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BAT PAC forms with plans to reform City Hall

Wednesday, January 9, 2008 by Austin Monitor

Although they may not agree on the details of many issues, the approximately 40 citizens who squeezed themselves behind the microphones in the City Hall media room Tuesday could heartily agree on one thing: “What brings us together is a shared view that City Hall has lost its way,” said Hope Morrison, a leader with Responsible Growth for Northcross (RG4N) and the new Political Action Committee called Better Austin Today (BAT PAC).

 

“All of us have encountered a City Hall that believes that the answers come from inside and from insiders,” Morrison said, “that public input is something to be tolerated, and only after important decisions have already been made. We need elected officials who respect the ideas and desires of the community, who are committed to open, inclusive, and responsive government…and who will make decisions from the ground up, not from the top down.”

 

Many members of the group have made regular appearances at City Hall to speak on issues pending before the Council or various boards and commissions, but have not been satisfied with the results. “Year after year, we go before our officials with our concerns. Year after year, they say they are listening, but we don’t see the evidence of that,” said Marcelo Tafoya, a prominent supporter of single-member districts. “We see others with money and power go before the officials, and somehow they are always being heard. The only way to correct the imbalance is for those concerned foremost with the public good to band together and demand our city government to be responsive to us,” he said.

 

The group includes members of Stop Domain Subsidies, the ACLU, the Sierra Club, the Save Our Springs Alliance and the Zilker Neighborhood Association, and several other neighborhood associations. While each group has its own area of concern, members of the coalition hope their united front will change the dynamic of city government. Individuals attending the press conference included former Council Member Brigid Shea and long time activists Mary Arnold, Jeff Jack and Paul Robbins.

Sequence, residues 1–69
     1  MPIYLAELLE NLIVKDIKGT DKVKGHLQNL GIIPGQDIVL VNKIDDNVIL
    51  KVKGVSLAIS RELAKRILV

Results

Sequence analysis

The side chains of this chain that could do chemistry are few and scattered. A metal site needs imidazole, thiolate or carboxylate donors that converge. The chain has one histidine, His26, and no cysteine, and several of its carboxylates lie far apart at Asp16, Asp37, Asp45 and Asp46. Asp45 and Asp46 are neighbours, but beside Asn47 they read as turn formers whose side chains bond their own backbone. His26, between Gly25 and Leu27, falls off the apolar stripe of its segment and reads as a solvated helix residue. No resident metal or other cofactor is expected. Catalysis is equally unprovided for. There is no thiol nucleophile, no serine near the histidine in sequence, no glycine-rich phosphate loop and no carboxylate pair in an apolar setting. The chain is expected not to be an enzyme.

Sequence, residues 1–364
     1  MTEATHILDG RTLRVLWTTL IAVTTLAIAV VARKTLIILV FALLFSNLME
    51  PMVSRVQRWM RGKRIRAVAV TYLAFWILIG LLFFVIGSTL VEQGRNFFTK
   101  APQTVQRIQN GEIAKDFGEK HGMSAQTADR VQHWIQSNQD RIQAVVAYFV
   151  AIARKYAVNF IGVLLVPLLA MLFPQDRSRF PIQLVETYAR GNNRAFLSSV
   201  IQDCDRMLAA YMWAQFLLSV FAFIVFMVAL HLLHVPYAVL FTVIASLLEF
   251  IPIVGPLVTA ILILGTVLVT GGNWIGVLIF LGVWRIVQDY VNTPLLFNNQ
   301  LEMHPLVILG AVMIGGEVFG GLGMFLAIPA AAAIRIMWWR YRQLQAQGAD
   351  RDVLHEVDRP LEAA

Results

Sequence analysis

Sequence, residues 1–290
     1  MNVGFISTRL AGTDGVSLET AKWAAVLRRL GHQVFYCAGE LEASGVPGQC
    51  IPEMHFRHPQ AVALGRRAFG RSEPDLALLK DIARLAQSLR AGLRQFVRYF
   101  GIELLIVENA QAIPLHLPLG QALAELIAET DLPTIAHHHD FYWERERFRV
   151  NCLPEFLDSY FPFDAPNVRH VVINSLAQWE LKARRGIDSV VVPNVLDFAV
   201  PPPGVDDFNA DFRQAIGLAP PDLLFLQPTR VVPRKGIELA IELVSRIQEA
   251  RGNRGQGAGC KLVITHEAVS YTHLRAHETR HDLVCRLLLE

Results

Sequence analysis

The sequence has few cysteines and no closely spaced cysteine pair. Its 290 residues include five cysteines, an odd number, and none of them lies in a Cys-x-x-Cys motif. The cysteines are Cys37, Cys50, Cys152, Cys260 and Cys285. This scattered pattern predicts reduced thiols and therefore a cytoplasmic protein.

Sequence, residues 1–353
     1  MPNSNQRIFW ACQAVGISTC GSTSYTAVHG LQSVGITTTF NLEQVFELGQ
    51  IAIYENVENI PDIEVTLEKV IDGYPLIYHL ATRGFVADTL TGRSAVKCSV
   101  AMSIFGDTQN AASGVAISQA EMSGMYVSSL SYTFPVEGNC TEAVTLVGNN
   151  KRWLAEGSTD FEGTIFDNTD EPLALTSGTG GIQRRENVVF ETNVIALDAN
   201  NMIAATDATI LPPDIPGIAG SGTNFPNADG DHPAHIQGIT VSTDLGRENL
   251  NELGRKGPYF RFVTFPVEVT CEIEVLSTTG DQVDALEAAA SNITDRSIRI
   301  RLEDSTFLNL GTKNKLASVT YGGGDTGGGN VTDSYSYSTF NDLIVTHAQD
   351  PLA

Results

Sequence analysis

“There are no separate issues. Everything is interrelated,” said Roy Waley. “We need leadership in Austin that will take a holistic approach, a proactive approach to our issues. We need leadership that understands that one of Austin’s most valuable resources is its informed and involved citizens.”

 

The call for more public input extends to this month’s selection of a new City Manager, which members of the PAC say should have been handled in a manner similar to the search for a Chief of Police last year. “If the Police Chief is an important enough role to have a public process, then the City Manager certainly is,” said Morrison.

 

Another area of concern is the city’s land use regulation, which several members said was inadequate to protect neighborhoods from unwanted growth. “It is time for this City Council to stop making zoning and land use decisions in an ad-hoc, incremental, knee-jerk manner, and start basing them on a comprehensive plan as our City Charter so mandates,” said Jim Duncan, a planner who was in charge of the city’s planning department more than 20 years ago. “It is time for this City Council to stop pretending that Austin has effective land use regulations and start updating them to meet the contemporary demands of a 21st century city. It is time for this City Council to stop pretending that Austin has a meaningful neighborhood planning program and start funding it adequately and start hiring experienced personnel to run it.”

 

BAT PAC expects to announce candidate endorsements in early March and will consider contributing financially to those campaigns. The group will ask candidates answer specific questions and meet with group members, but the candidates’ track records will also play a role in the group’s selection process. “What we want to do is identify the candidates who will publicly commit to be responsive to people, include people in the process, and have inclusive vision for how they govern,” said Morrison.

 

Group spokesperson David Kobierowski said the PAC had not yet made a decision on whether to support single-member districts if that issue is on the May ballot.

 

The group plans a fund-raising party this Sunday at The Moose Lodge and has already established a board of directors in order to consider endorsements in this spring’s Council races.

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